16. 16. © 2004 Pearson Addison-Wesley. All rights reserved 7-16Array ExamplesThese examples come from Phil Stocks.We assume the following array:int [] a = new int [SIZE];and SIZE is a declared constant// Count the number of positiveelements // of the arrayint count = 0;for (int i = 0; i < a.length; i++)if (a[i] >= 0)count++;// Add up the elements in an arrayint sum = 0;for (int i = 0; i < a.length; i++)sum = sum + a[i];// Count the number of evenelements// of the arrayint count = 0;for (int i = 0; i < a.length; i++)if (a[i] % 2 == 0)count++;
  17. 17. © 2004 Pearson Addison-Wesley. All rights reserved 7-17Linear Search// Determine whether a value, x, is// in the array aboolean found = false;for (int i = 0; i < a.length; i++)if (a[i] == x)found = true;// Search for the position of anelement, x,// in the array aboolean found = false;int i;for (i = 0; i < a.length && !found; i++)if (a[i] == x)found = true;// Search for the position of an element, x,// in the array aint pos = -1;for (int i = 0; i < a.length; i++)if (a[i] == x)pos = i;
  18. 18. © 2004 Pearson Addison-Wesley. All rights reserved 7-18Drawbacks of ArraysArrays have certain limitations and disadvantages– Fixed size:• the size of the array must be declared before use• the size of the array cannot change• i.e., the array can fill up and overflow– Sequential order:• can’t have holes in array• i.e., to delete an element from the middle, you mayneed to shuffle all the elements from there to the endforward:// remove element at index x from array a:for (int i = x; i < a.length - 1; i++)a[i] = a[i+1];
  19. 19. © 2004 Pearson Addison-Wesley. All rights reserved 7-19Initializer Lists• An initializer list can be used to instantiate and fillan array in one step• The values are delimited by braces and separatedby commas• Examples:int[] units = {147, 323, 89, 933, 540,269, 97, 114, 298, 476};char[] letterGrades = {A, B, C, D, ’F};
  20. 20. © 2004 Pearson Addison-Wesley. All rights reserved 7-20Initializer Lists• Note that when an initializer list is used: the new operator is not used no size value is specified• The size of the array is determined by the numberof items in the initializer list• An initializer list can be used only in the arraydeclaration• See Primes.java (page 381)
  21. 21. © 2004 Pearson Addison-Wesley. All rights reserved 7-21Arrays as Parameters• An entire array can be passed as a parameter to amethod• Arrays are objects. We will explain this later, butthis means....• Changing an array element within the methodchanges the element in the original array!• In this sense, arrays are not copied into themethod. This is call by reference.
  22. 22. © 2004 Pearson Addison-Wesley. All rights reserved 7-22Arrays of Strings• Keep in mind that String objects can be createdusing literals• The following declaration creates an array objectcalled verbs and fills it with four String objectscreated using string literalsString[] verbs = {"play", "work", "eat", "sleep"};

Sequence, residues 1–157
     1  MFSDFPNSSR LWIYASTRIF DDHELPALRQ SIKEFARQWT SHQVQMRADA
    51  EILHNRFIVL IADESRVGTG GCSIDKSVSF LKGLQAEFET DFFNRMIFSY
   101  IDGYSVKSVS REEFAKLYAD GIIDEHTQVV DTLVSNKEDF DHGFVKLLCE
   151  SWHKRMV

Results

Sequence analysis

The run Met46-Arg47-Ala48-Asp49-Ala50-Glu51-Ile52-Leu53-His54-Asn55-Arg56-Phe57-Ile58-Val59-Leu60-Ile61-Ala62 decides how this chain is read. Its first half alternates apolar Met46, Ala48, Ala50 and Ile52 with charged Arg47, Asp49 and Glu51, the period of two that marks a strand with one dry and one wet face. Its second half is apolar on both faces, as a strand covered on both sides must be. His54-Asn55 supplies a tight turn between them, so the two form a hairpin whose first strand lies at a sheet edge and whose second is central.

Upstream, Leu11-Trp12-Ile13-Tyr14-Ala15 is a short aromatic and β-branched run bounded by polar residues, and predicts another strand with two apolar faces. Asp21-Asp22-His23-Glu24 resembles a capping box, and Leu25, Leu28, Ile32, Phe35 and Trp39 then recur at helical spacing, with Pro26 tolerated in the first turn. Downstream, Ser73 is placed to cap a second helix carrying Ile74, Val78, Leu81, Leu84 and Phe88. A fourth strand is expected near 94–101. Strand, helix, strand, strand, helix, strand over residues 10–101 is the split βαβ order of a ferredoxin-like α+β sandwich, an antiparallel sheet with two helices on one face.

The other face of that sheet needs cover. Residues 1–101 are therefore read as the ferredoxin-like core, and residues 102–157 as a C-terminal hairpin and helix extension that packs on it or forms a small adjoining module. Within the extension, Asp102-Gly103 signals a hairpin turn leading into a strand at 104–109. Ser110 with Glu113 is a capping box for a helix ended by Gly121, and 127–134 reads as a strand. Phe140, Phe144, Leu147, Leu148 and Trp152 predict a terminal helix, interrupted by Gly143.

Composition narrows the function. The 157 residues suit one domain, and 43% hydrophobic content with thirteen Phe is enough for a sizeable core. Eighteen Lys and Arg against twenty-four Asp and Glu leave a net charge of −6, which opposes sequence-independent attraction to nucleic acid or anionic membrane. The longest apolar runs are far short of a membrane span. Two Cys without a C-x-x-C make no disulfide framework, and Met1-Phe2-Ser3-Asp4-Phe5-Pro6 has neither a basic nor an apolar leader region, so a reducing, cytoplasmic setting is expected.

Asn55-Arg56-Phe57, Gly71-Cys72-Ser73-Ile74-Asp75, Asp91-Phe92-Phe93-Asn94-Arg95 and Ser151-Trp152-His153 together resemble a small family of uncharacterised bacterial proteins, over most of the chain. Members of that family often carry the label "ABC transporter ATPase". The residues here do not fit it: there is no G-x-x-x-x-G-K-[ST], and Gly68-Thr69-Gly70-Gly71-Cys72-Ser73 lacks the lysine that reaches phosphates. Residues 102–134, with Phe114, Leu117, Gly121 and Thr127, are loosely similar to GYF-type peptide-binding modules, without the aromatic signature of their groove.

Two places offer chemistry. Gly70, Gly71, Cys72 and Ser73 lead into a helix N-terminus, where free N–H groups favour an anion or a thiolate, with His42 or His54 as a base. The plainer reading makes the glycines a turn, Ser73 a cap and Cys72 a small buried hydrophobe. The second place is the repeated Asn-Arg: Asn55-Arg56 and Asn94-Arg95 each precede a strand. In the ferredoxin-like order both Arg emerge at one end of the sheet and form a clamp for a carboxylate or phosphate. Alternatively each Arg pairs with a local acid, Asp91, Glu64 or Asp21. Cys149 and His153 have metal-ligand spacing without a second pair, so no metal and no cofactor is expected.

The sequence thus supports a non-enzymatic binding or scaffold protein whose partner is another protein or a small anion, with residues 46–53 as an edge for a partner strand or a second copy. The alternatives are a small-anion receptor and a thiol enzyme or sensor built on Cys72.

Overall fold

23. 23. © 2004 Pearson Addison-Wesley. All rights reserved 7-23Command-Line Arguments• The signature of the main method indicates that ittakes an array of String objects as a parameter• These values come from command-line argumentsthat are provided when the interpreter is invoked• For example, the following invocation of theinterpreter passes three String objects into main:> java StateEval pennsylvania texas arizona• These strings are stored at indexes 0-2 of the arrayparameter of the main method• See NameTag.java (page 393)
  24. 24. © 2004 Pearson Addison-Wesley. All rights reserved 7-24OutlineDeclaring and Using ArraysTwo-Dimensional Arrays
  25. 25. © 2004 Pearson Addison-Wesley. All rights reserved 7-25Two-Dimensional Arrays• A one-dimensional array stores a list of elements• A two-dimensional array can be thought of as atable of elements, with rows and columnsonedimensiontwodimensions
  26. 26. © 2004 Pearson Addison-Wesley. All rights reserved 7-26Two-Dimensional Arrays• To be precise, in Java a two-dimensional array isan array of arrays• A two-dimensional array is declared by specifyingthe size of each dimension separately:int[][] scores = new int[12][50];• A array element is referenced using two indexvalues:value = scores[3][6]• The array stored in one row can be specifiedusing one index
  27. 27. © 2004 Pearson Addison-Wesley. All rights reserved 7-27Two-Dimensional Arraysintegerinttable[5][12]array of integersint[]table[5]2D array of integers, orarray of integer arraysint[][]tableDescriptionTypeExpression• See TwoDArray.java (page 399)• See SodaSurvey.java (page 400)
  28. 28. © 2004 Pearson Addison-Wesley. All rights reserved 7-28Multidimensional Arrays• An array can have many dimensions – if it hasmore than one dimension, it is called amultidimensional array• Each dimension subdivides the previous one intothe specified number of elements• Each dimension has its own length constant• Because each dimension is an array of arrayreferences, the arrays within one dimension can beof different lengths these are sometimes called ragged arrays
  29. 29. © 2004 Pearson Addison-Wesley. All rights reserved 7-29Summary• Chapter 7 has focused on: array declaration and use bounds checking and capacity multidimensional arrays